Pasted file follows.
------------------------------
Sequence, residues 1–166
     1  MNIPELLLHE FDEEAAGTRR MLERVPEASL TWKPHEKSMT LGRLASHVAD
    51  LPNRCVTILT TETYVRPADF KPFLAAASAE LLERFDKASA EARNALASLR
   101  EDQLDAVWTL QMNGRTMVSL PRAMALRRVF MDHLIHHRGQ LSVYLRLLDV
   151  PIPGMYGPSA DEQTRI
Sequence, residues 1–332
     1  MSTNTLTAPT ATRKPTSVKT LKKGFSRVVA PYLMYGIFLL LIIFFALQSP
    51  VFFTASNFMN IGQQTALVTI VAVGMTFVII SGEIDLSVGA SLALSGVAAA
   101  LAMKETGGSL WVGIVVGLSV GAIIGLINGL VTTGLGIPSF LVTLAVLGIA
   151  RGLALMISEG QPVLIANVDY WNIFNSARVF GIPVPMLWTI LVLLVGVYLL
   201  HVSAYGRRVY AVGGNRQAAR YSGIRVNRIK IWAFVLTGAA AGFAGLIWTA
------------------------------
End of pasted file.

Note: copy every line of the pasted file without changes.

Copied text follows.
Sequence, residues 1–166
     1  MNIPELLLHE FDEEAAGTRR MLERVPEASL TWKPHEKSMT LGRLASHVAD
    51  LPNRCVTILT TETYVRPADF KPFLAAASAE LLERFDKASA EARNALASLR
   101  EDQLDAVWTL QMNGRTMVSL PRAMALRRVF MDHLIHHRGQ LSVYLRLLDV
   151  PIPGMYGPSA DEQTRI
Sequence, residues 1–332
     1  MSTNTLTAPT ATRKPTSVKT LKKGFSRVVA PYLMYGIFLL LIIFFALQSP
    51  VFFTASNFMN IGQQTALVTI VAVGMTFVII SGEIDLSVGA SLALSGVAAA
   101  LAMKETGGSL WVGIVVGLSV GAIIGLINGL VTTGLGIPSF LVTLAVLGIA
   151  RGLALMISEG QPVLIANVDY WNIFNSARVF GIPVPMLWTI LVLLVGVYLL
   201  HVSAYGRRVY AVGGNRQAAR YSGIRVNRIK IWAFVLTGAA AGFAGLIWTA